There is no dispute that the disputed domain name <clubjenna.com.au> is identical to the Complainant’s registered trademark CLUB JENNA. The TLD elements, “.com.au” are to be disregarded as inconsequential.

The Panel finds that the Complainant has established this element of its case.

B. Rights or Legitimate Interests

Under the Policy, paragraph 4(a)(ii), as is the case under the UDRP, the Complainant has the burden of establishing that the Respondent has no rights or legitimate interests in respect of the domain name. However, once a complainant has made a prima facie showing, the burden of proof shifts to the respondent to show by providing concrete evidence (i.e. more than mere personal assertions) that it has rights to or legitimate interests in the domain name at issue. Do The Hustle, LLC v. Tropic Web, WIPO Case No. D2000-0624.

Whether or not the Respondent was authorized to display any content relating to Jenna Jameson, the Complainant did not authorize the Respondent to register a domain name incorporating its CLUB JENNA mark. The Respondent is not commonly known by the disputed domain name. This amounts to a prima facie case.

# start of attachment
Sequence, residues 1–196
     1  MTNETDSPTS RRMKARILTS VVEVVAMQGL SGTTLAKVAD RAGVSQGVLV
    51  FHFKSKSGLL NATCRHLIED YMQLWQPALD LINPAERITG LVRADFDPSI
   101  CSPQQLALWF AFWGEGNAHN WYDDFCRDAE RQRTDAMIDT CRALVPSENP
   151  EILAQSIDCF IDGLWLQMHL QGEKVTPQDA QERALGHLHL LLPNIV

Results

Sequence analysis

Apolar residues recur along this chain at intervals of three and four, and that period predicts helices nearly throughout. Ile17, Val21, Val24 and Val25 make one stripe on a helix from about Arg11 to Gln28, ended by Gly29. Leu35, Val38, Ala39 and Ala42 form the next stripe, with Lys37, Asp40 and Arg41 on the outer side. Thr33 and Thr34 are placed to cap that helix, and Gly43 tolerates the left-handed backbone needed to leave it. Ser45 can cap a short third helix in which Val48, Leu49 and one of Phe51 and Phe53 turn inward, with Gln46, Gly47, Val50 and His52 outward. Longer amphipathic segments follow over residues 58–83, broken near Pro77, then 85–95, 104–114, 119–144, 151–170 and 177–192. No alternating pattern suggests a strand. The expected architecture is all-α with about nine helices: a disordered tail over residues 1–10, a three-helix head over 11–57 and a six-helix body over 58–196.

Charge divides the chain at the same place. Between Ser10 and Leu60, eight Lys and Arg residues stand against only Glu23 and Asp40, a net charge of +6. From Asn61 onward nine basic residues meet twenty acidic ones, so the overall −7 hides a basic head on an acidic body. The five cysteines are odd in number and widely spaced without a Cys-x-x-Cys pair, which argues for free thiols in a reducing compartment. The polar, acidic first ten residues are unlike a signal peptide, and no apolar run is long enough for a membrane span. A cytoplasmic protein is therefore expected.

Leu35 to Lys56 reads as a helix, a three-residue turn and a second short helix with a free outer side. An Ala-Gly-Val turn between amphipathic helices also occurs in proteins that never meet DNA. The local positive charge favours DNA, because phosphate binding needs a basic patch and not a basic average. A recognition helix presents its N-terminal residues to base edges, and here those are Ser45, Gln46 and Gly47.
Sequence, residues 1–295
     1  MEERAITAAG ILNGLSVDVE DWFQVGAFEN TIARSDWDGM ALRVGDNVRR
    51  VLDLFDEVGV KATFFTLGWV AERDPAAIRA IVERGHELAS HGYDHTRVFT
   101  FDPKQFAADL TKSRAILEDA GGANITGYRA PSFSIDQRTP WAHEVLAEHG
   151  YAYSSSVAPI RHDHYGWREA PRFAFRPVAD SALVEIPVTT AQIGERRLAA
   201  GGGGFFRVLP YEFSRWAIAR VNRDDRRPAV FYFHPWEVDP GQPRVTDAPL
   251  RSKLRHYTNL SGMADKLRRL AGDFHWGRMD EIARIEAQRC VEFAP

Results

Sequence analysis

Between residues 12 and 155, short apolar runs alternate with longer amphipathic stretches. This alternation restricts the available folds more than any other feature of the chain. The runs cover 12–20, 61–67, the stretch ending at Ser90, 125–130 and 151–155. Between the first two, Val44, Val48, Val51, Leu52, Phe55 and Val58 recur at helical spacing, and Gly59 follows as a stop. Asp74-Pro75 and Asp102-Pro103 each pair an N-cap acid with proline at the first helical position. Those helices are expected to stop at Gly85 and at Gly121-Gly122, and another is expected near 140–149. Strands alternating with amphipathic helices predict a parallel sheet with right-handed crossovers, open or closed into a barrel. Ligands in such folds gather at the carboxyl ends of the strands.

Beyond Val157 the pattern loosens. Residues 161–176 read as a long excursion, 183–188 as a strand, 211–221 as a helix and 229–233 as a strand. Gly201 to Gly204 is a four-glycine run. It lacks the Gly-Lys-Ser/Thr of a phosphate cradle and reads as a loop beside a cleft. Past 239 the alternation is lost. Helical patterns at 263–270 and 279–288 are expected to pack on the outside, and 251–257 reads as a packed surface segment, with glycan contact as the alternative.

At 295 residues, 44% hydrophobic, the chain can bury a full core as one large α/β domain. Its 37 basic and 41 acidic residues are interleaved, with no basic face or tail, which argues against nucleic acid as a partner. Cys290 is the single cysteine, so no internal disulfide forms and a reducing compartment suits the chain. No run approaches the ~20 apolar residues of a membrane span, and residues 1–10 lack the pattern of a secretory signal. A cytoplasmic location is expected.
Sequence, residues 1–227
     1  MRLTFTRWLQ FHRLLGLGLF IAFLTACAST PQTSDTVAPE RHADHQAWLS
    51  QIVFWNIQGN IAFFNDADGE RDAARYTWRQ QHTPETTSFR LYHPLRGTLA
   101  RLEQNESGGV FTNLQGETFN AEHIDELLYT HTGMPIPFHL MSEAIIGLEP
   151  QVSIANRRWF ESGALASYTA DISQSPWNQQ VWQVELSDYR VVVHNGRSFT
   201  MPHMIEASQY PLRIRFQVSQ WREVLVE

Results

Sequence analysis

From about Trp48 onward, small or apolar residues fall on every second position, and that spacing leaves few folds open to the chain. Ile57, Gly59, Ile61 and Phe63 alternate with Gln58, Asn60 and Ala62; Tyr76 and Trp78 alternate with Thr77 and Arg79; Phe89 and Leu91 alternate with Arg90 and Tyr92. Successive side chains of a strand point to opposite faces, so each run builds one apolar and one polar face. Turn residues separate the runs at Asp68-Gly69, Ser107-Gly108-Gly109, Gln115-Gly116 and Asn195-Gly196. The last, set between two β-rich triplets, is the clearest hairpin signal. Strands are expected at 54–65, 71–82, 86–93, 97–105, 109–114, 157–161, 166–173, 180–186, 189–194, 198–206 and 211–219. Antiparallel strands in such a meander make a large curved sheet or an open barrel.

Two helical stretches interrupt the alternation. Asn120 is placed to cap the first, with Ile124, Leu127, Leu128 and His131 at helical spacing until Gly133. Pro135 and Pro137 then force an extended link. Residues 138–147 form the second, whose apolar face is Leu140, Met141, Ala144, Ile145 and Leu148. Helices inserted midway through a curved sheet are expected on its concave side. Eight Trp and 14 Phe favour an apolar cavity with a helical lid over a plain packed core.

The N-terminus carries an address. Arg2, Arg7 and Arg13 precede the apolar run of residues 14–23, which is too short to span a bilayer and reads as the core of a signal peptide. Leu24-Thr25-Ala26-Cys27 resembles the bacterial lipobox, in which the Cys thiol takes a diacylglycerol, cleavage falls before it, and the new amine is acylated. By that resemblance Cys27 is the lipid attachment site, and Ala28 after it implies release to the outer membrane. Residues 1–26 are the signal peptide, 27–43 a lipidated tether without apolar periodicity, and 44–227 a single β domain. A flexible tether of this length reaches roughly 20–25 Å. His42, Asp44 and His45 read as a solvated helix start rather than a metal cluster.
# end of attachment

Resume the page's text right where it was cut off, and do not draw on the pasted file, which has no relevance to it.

The Respondent relies primarily on its alleged licence to display content as demonstrating its legitimate interest in the disputed domain name. It is unnecessary for the Panel to determine whether or not the Respondent was validly licensed to display Jenna Jameson related content at its website. Even if it were so authorized, the Panel does not accept that this would demonstrate rights or legitimate interests in the domain name <clubjenna.com.au>, which carries with it the false representation that it is the Australian domain name of the Complainant. The right to display images does not provide any rights or legitimate interests in the domain name through which those images are displayed, where the domain name incorporates the Complainant’s trademark.